A late winter storm dampened the surroundings of the Robert Paine Scripps Forum for Science, Society, and the Environment, but inside the conditions were decidedly warm and bright.
The March 1 “thank you” event at Scripps Institution of Oceanography at UC San Diego was held to express gratitude to donors who have provided vital financial support for fellowships, allowing graduate students to more freely focus on their studies and research. In addition to a brunch buffet, the donors were treated to a showcase of Scripps graduate student poster presentations, three featured student speakers, and a panel discussion on the unique experiences of a Scripps graduate student.
The event welcomed recent supporters, such as Tom Baker and his wife Maxine, who recently moved to San Diego after more than 40 years on the East Coast.
“I was in one of UCSD’s earliest undergraduate classes and always intended to move back. One of the first things I wanted to do when I got back was get involved in Scripps,” said Baker, who is now a member of E.W. Scripps Associates. “(Maxine) and I are both divers and love the ocean, so supporting Scripps has come naturally to us. Aside from a few other charities, I can’t imagine anything more important to us personally than supporting research on the ocean and conservation.”
The event also put a spotlight on long-time donors. Scripps emeritus researcher Lanna Cheng was given special recognition for supporting student fellowships for more than 37 years. Cheng received scholarships and fellowships during her own studies at the University of Singapore and Oxford University. This support set the educational foundation that eventually led her to a renowned career at Scripps specializing in the study of marine insects.
Cheng, who for several years supported students with Ralph Lewin, her late husband and Scripps scientist, said it’s fulfilling to help them in the same way that she was supported during her education.
“All of the students here are examples of how powerful fellowships are and how they can change lives,” said Cheng. “I’m very proud of what Scripps has been able to achieve over the years and students are a big part of that. I hope all of these students are able to achieve the dreams of their lives.”
The student poster presentations spanned topics from coral reef conservation to climate change. A poster on biofuel production by graduate student Eva Sanchez Alvarez caught the eye of Tom Page, a retired long-time executive in the energy industry.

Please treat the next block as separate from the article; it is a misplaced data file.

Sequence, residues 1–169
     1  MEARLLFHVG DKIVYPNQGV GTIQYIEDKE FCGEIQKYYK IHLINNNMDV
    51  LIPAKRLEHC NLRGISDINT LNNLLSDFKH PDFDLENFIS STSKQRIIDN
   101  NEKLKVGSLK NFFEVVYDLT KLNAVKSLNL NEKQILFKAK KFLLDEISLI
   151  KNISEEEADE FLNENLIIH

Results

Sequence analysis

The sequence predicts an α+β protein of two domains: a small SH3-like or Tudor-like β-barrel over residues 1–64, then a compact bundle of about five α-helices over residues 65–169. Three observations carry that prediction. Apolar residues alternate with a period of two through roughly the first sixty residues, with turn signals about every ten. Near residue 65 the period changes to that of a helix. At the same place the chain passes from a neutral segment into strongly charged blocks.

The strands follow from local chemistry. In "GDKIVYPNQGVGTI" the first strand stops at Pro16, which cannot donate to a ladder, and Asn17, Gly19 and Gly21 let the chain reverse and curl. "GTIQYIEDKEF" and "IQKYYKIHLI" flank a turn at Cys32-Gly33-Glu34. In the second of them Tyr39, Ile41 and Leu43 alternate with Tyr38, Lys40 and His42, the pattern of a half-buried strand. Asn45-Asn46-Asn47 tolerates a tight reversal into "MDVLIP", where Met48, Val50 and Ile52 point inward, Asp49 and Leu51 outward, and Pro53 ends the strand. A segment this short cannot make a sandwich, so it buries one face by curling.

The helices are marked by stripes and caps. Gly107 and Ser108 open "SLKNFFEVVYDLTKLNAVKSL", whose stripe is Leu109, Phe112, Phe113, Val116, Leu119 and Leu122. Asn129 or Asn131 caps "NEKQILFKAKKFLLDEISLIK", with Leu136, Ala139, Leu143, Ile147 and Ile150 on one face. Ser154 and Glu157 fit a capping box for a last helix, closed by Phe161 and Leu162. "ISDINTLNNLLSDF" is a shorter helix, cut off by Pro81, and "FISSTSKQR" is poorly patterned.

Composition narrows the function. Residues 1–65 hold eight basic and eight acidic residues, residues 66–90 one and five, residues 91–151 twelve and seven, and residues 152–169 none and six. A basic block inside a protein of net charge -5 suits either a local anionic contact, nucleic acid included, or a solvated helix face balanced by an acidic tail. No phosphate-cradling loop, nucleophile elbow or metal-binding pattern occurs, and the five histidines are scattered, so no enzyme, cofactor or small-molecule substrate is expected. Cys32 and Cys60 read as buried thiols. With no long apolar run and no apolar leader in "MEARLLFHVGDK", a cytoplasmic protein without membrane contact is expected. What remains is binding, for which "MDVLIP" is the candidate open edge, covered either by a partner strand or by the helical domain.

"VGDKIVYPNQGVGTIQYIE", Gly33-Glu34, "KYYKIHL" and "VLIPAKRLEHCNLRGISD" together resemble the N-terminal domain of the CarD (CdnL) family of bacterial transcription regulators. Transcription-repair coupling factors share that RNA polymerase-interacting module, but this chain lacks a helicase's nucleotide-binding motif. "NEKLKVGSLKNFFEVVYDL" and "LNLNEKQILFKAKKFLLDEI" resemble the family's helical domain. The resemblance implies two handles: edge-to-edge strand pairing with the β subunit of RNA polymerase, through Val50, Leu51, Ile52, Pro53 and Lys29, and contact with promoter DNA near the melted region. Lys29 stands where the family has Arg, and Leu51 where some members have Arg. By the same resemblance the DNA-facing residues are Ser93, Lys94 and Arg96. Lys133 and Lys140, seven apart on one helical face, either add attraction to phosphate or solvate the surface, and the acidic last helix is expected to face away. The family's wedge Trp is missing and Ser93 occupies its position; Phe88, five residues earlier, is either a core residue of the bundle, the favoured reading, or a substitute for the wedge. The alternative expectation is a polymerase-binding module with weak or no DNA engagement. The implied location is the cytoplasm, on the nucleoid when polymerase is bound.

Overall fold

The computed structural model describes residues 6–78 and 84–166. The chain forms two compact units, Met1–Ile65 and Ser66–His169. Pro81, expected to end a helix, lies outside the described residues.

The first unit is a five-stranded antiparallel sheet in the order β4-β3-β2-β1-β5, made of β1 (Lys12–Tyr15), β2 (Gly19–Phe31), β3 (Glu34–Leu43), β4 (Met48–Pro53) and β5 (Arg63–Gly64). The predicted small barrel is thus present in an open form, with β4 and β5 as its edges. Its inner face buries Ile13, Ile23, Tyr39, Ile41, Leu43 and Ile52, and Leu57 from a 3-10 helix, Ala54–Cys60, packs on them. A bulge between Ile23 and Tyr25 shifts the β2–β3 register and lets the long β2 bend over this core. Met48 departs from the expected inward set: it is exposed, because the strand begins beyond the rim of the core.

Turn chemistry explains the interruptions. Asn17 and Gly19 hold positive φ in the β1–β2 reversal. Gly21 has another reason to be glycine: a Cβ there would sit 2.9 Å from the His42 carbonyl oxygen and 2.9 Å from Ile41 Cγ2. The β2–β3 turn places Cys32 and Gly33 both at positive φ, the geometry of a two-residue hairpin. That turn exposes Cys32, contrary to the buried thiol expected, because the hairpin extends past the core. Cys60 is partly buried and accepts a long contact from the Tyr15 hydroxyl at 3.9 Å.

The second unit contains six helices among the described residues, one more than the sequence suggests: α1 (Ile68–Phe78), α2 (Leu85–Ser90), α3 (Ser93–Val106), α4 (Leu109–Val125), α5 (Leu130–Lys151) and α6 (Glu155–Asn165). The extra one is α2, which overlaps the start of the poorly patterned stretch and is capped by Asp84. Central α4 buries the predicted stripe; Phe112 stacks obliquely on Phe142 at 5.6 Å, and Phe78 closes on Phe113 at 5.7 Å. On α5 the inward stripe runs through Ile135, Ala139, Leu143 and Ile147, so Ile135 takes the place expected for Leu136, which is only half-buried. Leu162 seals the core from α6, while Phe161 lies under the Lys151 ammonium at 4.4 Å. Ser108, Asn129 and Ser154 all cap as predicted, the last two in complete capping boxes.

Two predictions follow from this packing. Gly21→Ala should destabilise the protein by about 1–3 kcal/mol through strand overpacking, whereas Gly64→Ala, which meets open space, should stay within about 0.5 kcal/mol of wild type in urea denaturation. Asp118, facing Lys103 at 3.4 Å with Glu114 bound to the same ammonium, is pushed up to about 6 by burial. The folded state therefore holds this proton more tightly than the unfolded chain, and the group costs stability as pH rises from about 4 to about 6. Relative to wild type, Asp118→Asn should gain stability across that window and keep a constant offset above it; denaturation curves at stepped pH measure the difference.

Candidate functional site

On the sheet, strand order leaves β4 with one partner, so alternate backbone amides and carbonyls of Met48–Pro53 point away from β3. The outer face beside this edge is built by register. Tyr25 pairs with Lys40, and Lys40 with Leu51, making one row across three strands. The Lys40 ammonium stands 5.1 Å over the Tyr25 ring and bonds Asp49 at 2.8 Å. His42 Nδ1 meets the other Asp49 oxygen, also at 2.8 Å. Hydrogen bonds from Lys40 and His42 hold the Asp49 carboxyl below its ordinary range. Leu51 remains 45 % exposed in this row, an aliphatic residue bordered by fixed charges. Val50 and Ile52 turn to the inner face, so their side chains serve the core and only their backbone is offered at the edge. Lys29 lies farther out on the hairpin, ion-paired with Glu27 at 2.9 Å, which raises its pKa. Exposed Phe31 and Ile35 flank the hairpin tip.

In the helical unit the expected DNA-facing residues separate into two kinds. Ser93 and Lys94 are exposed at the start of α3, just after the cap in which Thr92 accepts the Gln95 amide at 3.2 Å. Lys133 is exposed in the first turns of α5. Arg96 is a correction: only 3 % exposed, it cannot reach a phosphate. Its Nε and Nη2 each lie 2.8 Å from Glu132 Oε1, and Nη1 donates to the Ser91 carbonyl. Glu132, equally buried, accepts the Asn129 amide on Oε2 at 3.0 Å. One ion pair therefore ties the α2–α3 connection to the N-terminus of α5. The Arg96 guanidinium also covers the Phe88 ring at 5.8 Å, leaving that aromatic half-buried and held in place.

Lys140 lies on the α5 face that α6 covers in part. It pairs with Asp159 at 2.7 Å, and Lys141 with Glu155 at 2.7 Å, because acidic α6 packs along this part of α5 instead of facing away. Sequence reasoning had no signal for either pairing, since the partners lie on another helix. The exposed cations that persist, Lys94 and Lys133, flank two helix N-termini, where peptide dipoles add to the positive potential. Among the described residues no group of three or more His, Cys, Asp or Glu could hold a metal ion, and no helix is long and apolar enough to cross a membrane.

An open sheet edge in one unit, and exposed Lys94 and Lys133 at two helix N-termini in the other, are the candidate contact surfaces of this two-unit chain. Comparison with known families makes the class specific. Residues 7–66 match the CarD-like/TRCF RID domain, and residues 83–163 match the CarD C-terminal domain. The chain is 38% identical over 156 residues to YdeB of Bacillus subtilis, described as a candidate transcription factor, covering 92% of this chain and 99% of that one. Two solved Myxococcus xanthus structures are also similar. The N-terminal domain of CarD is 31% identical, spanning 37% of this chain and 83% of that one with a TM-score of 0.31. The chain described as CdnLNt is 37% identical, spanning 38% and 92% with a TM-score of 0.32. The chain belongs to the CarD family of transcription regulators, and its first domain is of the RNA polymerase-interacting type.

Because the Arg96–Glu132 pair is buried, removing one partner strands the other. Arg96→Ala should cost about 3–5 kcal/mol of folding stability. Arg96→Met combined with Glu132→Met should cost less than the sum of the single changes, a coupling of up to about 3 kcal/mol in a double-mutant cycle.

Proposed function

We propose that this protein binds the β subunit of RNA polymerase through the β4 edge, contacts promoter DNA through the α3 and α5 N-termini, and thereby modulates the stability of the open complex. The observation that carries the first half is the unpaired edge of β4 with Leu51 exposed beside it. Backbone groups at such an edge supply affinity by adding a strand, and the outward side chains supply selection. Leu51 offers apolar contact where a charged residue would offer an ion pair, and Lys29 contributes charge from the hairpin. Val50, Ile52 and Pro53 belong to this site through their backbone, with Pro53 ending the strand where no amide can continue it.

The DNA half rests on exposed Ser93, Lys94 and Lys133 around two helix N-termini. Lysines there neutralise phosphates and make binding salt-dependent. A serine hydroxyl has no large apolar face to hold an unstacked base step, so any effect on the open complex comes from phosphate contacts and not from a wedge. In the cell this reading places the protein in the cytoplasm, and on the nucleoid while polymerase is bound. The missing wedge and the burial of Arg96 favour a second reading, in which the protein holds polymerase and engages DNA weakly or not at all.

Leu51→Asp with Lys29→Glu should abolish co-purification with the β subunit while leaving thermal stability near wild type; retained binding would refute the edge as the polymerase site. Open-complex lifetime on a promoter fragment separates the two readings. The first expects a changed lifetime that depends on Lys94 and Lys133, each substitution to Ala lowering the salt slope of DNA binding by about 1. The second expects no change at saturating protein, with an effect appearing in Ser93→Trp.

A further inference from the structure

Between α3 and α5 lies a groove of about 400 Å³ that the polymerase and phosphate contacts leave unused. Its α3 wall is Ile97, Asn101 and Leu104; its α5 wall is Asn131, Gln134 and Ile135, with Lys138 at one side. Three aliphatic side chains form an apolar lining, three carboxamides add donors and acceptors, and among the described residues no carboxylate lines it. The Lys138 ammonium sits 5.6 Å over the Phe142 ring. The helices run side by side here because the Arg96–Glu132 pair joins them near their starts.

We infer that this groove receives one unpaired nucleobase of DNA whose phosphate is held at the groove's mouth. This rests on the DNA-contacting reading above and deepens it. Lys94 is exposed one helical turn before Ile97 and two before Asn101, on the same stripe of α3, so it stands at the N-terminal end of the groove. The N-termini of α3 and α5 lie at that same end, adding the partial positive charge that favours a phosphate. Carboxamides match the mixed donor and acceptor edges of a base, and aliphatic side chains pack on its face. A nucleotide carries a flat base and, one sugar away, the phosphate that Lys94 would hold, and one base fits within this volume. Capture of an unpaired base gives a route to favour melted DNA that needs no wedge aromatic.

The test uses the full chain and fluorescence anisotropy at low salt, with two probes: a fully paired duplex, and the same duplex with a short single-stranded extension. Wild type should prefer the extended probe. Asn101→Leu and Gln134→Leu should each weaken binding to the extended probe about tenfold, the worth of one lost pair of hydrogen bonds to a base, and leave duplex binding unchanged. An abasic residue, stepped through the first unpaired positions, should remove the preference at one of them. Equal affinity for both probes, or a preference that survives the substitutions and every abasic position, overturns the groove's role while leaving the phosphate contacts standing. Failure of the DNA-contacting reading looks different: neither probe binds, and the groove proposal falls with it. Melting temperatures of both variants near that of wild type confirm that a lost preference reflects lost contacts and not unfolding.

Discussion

“Biofuels are one slice of (Scripps) that I happen to be personally supporting because of my history of working in the energy business,” said Page. “That’s one area that needs a lot more work. This event gives you insights of the scope of what is going on here at Scripps and gives you a chance to touch all of the different disciplines.”
Scripps Director Margaret Leinen expressed her gratitude to all of the donors in attendance, while Lisa Tauxe, Scripps Department chair and deputy director for education, said donor support allows Scripps to recruit the best and brightest students.
“Without you we wouldn’t have such wonderful students here,” said Tauxe.
One of the featured presenters was Matt Siegfried, a fifth-year student studying subglacial water systems of the West Antarctic Ice Sheet. During a panel discussion on the unique experiences afforded to Scripps students, Siegfried told a tale of being in Antarctica when Helen Amanda Fricker, his Scripps advisor, contacted him and asked if he would be interested in meeting the Pope. Confusion and disbelief were his initial reactions but several months later Siegfried and fellow Scripps graduate student Emily Kelly did indeed meet the Pope in May 2014 as part of a joint workshop on climate change and social justice at the Vatican hosted by the Pontifical Academy of Sciences and the Pontifical Academy of Social Sciences.
“During this small gathering there were presentations from titans in several fields and it was incredible to think that there were just two scientists under the age of 50 in the room… and both are Scripps graduate students,” said Siegfried.
-- Mario C. Aguilera